Joe Sakic is in charge now
How he’ll do in his new role ‘in charge of all hockey-related decisions’ remains to be seen; not all ex-NHL stars have been successful in management. But the fact Sakic believes ownership is “committed to this franchise and want us to get back to where we used to be” says something. Remember, Sakic didn’t need to take this job. That ownership, which has been accused of neglecting the hockey part of its sports-business empire, cared enough to pursue him may also say something about its desire to start filling the rink again. Because the only way that’s going to happen is with more wins. That said, don’t expect Sakic to get a blank checkbook. New team president Josh Kroenke — the son of owner Stan Kroenke — said today the Avs wouldn’t be spending just to spend.
Young talent down the middle
Sakic stated a bit of the obvious today when he said the key to winning is having great players. But it still needed to be said. A team can have a great owner, great GM and great coach, but if the players aren’t there, there’s no hope. Fortunately, the Avs have two very good young centers in Matt Duchene and Ryan O’Reilly, and no championship team lacks talent down the middle. In fact, that’s often where it starts. Whether Paul Stastny fits into their plans going forward will be worth watching. The 27-year-old has one year remaining on his contract, with a cap hit of $6.6 million. His production the last few seasons hasn’t been worth the price.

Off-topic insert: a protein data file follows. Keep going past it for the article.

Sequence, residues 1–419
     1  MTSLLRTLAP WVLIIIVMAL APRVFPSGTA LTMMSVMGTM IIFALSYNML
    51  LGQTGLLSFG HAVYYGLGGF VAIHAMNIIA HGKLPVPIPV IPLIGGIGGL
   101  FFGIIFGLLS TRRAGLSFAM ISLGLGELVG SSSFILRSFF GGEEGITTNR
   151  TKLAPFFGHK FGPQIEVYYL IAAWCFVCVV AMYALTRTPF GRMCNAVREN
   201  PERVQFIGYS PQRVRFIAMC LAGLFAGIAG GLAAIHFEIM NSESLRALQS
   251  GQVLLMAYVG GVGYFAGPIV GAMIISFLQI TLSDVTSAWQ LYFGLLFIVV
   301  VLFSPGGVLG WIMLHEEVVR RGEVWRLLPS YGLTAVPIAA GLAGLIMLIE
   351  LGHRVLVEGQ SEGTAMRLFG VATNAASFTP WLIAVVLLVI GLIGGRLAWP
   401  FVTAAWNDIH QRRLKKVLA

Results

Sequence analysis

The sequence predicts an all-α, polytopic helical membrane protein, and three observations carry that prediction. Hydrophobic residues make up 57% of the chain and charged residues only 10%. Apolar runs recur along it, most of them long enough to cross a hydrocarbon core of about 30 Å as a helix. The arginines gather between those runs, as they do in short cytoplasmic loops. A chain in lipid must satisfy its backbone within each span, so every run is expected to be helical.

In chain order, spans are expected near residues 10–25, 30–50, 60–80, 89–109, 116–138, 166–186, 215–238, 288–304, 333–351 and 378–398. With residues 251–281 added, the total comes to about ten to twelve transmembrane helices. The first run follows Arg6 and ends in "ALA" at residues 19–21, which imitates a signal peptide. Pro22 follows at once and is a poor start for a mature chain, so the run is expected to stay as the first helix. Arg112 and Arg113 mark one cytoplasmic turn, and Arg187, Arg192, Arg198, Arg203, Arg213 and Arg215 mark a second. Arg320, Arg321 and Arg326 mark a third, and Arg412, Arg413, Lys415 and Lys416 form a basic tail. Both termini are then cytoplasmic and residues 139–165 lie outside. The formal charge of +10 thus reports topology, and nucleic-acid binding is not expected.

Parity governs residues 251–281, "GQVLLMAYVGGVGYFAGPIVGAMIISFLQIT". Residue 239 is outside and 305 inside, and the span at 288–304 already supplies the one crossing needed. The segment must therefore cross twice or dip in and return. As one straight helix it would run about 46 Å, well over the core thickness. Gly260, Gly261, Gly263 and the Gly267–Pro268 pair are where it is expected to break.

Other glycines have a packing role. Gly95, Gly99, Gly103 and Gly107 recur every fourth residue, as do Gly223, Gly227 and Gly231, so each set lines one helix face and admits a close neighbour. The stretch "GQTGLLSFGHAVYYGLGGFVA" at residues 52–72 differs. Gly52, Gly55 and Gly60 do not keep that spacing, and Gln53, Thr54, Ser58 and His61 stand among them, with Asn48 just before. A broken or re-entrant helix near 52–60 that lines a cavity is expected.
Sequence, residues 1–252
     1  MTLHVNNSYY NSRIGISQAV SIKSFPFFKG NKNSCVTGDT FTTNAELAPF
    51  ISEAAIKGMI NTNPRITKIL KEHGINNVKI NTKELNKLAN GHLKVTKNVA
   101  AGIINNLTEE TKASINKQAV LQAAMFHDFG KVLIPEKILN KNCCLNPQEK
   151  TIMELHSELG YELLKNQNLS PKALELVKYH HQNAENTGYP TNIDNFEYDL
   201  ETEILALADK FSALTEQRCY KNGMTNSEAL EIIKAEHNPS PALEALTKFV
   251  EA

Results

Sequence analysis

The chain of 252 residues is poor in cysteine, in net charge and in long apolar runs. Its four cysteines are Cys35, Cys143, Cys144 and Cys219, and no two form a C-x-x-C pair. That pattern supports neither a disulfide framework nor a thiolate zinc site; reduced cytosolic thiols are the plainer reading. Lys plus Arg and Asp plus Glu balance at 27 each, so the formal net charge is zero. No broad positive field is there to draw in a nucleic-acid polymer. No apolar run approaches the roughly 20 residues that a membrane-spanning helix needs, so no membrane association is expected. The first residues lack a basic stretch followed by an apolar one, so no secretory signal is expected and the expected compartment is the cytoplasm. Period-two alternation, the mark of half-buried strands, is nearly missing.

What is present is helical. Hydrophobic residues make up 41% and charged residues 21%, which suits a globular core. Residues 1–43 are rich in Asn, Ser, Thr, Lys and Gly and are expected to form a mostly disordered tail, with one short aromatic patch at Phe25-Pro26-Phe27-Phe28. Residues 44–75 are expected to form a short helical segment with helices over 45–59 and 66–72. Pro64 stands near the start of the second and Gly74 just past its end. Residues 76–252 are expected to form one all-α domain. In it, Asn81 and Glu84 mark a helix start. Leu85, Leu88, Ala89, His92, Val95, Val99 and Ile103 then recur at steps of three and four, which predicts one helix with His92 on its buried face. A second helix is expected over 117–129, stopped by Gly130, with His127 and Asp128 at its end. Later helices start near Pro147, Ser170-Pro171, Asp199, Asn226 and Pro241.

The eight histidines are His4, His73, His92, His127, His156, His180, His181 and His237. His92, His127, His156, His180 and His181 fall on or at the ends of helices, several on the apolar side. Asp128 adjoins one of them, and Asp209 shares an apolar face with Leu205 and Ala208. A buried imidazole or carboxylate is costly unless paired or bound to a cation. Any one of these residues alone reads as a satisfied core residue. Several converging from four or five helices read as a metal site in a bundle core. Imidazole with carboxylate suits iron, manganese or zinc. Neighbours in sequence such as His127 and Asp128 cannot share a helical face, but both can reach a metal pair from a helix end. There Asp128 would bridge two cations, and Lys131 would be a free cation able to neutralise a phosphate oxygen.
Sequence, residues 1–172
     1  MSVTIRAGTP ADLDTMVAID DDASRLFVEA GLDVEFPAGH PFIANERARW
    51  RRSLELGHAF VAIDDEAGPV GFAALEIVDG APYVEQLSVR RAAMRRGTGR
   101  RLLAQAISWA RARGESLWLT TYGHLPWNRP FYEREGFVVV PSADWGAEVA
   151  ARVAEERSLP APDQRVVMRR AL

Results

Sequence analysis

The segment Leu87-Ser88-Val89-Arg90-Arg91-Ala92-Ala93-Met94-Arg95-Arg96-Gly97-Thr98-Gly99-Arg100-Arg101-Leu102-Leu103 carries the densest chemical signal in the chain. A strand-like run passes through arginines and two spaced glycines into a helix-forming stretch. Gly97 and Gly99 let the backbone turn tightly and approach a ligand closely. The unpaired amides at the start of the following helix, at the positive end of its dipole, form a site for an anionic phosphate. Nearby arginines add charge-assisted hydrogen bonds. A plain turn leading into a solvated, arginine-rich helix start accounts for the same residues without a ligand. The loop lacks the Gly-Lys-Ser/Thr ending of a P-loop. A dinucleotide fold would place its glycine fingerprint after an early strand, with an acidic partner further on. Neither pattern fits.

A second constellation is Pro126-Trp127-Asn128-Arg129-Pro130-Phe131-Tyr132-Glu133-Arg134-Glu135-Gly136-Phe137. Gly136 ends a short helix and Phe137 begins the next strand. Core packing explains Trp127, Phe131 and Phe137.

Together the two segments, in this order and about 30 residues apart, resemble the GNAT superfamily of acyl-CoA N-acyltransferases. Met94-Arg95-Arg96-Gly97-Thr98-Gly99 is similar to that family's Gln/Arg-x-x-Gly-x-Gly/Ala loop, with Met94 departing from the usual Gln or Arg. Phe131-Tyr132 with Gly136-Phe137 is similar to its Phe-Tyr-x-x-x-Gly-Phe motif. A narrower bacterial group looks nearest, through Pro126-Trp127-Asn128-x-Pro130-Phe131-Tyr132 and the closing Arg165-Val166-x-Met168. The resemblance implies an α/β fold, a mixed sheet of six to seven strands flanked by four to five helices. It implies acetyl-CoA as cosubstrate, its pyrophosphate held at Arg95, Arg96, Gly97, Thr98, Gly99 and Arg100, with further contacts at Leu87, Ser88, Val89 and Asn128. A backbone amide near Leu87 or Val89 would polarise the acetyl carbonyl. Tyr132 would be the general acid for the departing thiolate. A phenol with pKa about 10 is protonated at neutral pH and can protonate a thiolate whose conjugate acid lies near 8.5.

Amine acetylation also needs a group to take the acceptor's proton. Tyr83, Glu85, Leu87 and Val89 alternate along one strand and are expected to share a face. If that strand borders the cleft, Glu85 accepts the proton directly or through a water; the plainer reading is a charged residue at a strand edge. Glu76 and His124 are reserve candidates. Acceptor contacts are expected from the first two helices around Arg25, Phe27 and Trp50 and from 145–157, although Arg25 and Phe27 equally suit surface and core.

The first overall pick in the 2013 draft
What do this year’s three Hart Trophy finalists all have in common? All were chosen first overall. The Avs’ first pick will likely be used to select Portland Winterhawks defenseman Seth Jones. Not only is Jones thought by many to be the best player available, Colorado’s back end was a major issue again in 2013. Too many scoring chances were surrendered and not enough offense was generated. Jones might not be able to turn things around right away; however, when you consider the impact puck-moving blue-liners like Erik Karlsson and PK Subban have made at a young age, it might not take long. (Yes, we realize Erik Johnson went first overall. They don’t all turn into superstars, but a lot of them do.)